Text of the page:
This weekend a strange phenomenon occurred in Britain. According to unconfirmed news reports a glowing orange sphere appeared in the sky at around 5am and immediately began to disperse clouds up and down the country. The strange object stayed in the skies over Britain for 16 hours straight whilst it bathed the fields and the hills of England in a warm comforting light, before finally departing and returning the next day. An immediate enquiry was called for by the government and scientists working for the MET office suggested that this omen of warmth and light might well herald the start of the fabled ‘British summertime’…
Yes, you heard it here first: The sun has got his hat on, hip-hip hip-hooray.
Predictably, Britain has already gone sun mad this weekend, with the majority of people doing utterly daft things like having BBQ’s, going down to the beach, running around exercising and participating in various other forms of sun-worshipping, such as getting a tan.
With so little sun this summer, the majority of Brit’s will more than likely binge on the sun for the next few days like an exhausted gecko that’s been hiding under a rock for a week. Yet, despite how pleasant it is right now, the sun does of course bring with it certain health risks> that we should all be aware of…
One of the most common problems associated with the summer and sun-worshipping is dehydration. The body is made up of approximately two-thirds water. To remain functioning efficiently the body requires the constant topping up of fluids, in order to replenish essential minerals and elements, such as sodium, potassium and phosphate. Exercise, bodily functions and exposure to the sun results in perspiration and can lead to a dramatic loss of body fluids, causing fatigue, severe thirst, skin issues and low blood pressure. In extreme cases dehydration can lead to unconsciousness and death. If you’re out and about in the sun this weekend make sure to re-hydrate, especially if you’re drinking alcohol.
Keep your skin safe
According to the latest statistics over 76,500 cases of non-melanoma skin cancer and more than 9,500 cases of melanoma skin cancer are diagnosed in the UK every year. While the sun is an important source of vitamin D (which is good for the skin), too much exposure to the sun and its rays can be extremely dangerous, and can result in varying degrees of sunburn and may potentially lead to skin cancer. Sunlight contains three types of ultraviolet rays, UVA, UVB and UVC. Most of these rays are blocked by the Earth’s ozone layer, but the rays that do pass through atmosphere can be harmful and have been linked by medical research to DNA damage and cancer. People with moles or freckles are more susceptible to skin cancer issues and should take care to limit their exposure in the sun. Anyone with concerns regarding skin cancer should immediately seek professional medical advice and consult their doctor for a health check-up. Skin cancer has a high cure rate if caught early and removed. To ensure your safety always wear a sunscreen with an SPF of at least 15 and remember to take regular breaks from the sun.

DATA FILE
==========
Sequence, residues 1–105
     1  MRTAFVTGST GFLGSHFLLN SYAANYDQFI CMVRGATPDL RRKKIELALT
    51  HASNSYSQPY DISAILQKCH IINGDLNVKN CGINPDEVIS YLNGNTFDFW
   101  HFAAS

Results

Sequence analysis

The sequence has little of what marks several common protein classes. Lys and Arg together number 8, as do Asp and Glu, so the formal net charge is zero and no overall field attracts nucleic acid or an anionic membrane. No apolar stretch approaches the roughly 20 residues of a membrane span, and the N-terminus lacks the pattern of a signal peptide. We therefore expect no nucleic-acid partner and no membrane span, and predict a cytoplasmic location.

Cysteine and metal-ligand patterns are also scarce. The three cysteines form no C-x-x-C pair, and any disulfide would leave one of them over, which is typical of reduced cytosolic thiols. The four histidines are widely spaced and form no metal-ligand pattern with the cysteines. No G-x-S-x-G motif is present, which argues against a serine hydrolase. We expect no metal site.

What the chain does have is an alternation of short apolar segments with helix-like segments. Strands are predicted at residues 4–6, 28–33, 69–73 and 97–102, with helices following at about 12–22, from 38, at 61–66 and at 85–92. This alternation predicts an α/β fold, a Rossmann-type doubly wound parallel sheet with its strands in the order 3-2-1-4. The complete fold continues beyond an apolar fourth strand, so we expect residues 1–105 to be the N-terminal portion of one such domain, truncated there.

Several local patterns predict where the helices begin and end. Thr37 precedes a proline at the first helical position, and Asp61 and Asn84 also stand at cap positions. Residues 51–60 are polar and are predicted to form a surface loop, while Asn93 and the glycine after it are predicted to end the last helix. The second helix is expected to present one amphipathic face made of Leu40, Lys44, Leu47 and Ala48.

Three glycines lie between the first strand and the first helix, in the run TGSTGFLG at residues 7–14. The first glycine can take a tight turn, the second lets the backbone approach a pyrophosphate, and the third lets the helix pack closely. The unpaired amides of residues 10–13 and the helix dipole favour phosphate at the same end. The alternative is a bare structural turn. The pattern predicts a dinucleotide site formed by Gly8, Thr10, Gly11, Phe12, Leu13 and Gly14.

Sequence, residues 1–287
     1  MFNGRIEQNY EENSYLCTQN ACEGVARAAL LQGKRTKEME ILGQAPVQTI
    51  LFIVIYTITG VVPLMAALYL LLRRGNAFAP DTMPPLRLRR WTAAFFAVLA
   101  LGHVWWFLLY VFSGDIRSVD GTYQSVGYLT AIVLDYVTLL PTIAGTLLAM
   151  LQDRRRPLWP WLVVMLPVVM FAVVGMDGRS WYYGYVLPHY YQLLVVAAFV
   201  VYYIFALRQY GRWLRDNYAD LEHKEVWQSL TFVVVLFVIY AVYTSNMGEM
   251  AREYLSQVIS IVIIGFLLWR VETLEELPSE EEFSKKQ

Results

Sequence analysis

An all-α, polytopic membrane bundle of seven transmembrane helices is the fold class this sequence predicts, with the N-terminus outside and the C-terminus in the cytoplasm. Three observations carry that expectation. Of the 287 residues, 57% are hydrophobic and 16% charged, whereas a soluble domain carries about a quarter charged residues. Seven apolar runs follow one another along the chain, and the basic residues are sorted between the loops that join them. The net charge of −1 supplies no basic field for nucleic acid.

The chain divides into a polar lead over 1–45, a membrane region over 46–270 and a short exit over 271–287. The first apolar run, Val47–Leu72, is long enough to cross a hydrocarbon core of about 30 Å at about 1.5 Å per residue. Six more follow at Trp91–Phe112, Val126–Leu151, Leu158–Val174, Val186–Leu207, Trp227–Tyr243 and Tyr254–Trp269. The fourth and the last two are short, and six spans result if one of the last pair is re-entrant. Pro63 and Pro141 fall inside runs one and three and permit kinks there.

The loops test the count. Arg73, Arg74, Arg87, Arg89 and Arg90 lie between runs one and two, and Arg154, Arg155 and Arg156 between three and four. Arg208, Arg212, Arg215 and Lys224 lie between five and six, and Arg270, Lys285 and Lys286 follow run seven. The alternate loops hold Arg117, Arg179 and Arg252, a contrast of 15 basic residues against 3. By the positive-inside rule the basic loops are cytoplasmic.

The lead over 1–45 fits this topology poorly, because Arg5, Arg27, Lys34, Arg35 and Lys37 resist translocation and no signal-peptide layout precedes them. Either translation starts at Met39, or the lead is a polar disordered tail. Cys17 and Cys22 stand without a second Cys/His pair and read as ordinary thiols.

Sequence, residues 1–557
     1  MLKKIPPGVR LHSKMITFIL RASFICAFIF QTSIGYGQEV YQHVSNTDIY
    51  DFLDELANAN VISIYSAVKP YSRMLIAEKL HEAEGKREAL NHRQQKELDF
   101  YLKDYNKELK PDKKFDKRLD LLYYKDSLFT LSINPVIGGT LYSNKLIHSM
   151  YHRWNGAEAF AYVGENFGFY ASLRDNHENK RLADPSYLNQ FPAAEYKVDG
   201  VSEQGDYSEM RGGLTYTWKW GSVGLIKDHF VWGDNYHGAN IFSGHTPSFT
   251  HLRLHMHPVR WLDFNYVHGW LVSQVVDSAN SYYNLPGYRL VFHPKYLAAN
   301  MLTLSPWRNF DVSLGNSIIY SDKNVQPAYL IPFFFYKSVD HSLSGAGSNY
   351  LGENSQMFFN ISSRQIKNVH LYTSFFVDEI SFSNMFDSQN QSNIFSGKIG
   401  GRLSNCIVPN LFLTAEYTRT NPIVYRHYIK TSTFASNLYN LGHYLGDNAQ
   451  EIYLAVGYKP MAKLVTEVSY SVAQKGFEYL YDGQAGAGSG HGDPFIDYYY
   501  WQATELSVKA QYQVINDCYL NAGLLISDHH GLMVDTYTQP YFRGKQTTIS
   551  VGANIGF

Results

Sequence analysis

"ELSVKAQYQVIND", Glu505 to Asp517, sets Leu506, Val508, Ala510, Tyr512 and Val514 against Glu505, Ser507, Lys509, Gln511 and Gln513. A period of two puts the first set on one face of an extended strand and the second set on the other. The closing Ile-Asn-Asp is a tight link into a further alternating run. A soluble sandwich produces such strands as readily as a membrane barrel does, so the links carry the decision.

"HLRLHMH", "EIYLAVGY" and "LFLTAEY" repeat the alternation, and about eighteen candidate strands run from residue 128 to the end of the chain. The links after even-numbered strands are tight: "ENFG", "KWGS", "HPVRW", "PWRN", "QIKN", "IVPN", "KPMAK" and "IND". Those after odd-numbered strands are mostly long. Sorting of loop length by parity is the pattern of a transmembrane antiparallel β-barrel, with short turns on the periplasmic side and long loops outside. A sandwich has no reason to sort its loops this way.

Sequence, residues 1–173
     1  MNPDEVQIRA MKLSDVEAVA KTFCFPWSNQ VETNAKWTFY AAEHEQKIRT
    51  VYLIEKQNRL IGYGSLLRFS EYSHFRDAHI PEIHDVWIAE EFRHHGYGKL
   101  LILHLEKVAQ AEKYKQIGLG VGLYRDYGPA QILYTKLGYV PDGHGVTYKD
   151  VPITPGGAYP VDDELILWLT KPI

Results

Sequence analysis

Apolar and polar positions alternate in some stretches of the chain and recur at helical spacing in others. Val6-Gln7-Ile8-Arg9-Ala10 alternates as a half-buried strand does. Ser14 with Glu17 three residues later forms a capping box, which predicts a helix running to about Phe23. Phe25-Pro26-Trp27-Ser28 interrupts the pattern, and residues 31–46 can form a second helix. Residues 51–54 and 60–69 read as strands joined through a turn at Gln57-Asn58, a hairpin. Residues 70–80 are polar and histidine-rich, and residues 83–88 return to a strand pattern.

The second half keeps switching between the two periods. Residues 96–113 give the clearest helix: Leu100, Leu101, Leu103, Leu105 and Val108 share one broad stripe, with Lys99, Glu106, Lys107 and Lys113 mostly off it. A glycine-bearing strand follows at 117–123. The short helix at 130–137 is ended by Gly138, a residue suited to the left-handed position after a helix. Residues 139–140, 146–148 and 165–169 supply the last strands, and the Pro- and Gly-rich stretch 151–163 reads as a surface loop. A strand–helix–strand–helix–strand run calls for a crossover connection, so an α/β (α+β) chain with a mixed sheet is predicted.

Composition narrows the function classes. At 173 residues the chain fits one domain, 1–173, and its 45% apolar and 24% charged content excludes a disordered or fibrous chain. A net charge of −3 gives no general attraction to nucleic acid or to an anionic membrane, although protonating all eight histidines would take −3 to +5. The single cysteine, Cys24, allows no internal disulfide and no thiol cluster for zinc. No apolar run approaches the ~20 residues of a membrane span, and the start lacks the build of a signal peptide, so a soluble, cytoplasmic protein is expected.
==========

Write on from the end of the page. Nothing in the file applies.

Heat exhaustion and heatstroke
Often linked to dehydration, heat exhaustion and heatstroke are commonly experienced ailments during long hot summers. Heat exhaustion occurs when the body’s temperature increases beyond its standard 37°C. Anyone experiencing heat exhaustion is likely to feel flushed, dizzy and nauseas. Patients suffering from heat exhaustion are also likely to experience a rapid heartbeat, as well as feeling confused and fatigued. People experiencing heat exhaustion should attempt to cool off by getting out of the sun, removing their clothes and rehydrate. When the body’s temperature rises above 40°C, heat exhaustion can turn into heatstroke. Heatstroke is considered to be a medical emergency and anyone suffering from suspected heatstroke should receive immediate medical attention. Heatstroke can result in seizures, hyperventilation, the loss of consciousness and even organ failure. Try to stay cool, avoid over exposure to the sun and seek shade often. The emergency services should be called immediately if you suspect that someone is suffering from heatstroke.